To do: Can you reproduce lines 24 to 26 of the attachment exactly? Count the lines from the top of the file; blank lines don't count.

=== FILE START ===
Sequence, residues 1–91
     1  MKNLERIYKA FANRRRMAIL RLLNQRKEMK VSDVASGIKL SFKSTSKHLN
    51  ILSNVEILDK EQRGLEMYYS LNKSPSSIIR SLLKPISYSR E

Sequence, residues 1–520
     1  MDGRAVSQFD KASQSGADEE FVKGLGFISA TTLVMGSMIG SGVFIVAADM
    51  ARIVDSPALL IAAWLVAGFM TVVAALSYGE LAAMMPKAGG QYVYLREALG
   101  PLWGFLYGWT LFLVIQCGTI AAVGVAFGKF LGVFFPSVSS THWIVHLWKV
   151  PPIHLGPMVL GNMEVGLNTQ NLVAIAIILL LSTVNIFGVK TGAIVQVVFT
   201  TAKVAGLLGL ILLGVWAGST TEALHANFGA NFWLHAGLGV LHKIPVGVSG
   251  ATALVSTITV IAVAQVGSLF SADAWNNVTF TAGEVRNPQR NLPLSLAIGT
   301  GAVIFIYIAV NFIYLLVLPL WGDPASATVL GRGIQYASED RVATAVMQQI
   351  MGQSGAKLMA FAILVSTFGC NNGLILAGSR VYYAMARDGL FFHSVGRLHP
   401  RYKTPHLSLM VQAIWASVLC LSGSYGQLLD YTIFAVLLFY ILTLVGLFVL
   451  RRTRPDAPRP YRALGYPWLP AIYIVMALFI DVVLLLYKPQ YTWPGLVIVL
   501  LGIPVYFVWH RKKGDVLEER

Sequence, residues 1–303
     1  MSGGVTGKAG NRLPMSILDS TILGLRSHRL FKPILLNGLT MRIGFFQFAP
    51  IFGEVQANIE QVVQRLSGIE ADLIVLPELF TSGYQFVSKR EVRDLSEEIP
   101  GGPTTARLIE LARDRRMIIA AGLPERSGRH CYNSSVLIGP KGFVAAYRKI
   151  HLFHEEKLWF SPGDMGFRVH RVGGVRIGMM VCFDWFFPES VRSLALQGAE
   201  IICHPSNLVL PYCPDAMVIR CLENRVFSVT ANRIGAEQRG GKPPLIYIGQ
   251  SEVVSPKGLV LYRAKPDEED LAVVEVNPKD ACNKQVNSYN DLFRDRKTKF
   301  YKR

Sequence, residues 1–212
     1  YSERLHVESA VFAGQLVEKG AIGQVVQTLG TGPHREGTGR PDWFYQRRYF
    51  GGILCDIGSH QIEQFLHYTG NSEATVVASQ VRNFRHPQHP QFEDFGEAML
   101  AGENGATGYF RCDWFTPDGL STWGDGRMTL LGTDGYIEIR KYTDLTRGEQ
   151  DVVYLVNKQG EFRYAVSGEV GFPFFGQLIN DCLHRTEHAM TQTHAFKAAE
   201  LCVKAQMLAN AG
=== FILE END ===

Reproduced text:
Sequence, residues 1–212
     1  YSERLHVESA VFAGQLVEKG AIGQVVQTLG TGPHREGTGR PDWFYQRRYF
    51  GGILCDIGSH QIEQFLHYTG NSEATVVASQ VRNFRHPQHP QFEDFGEAML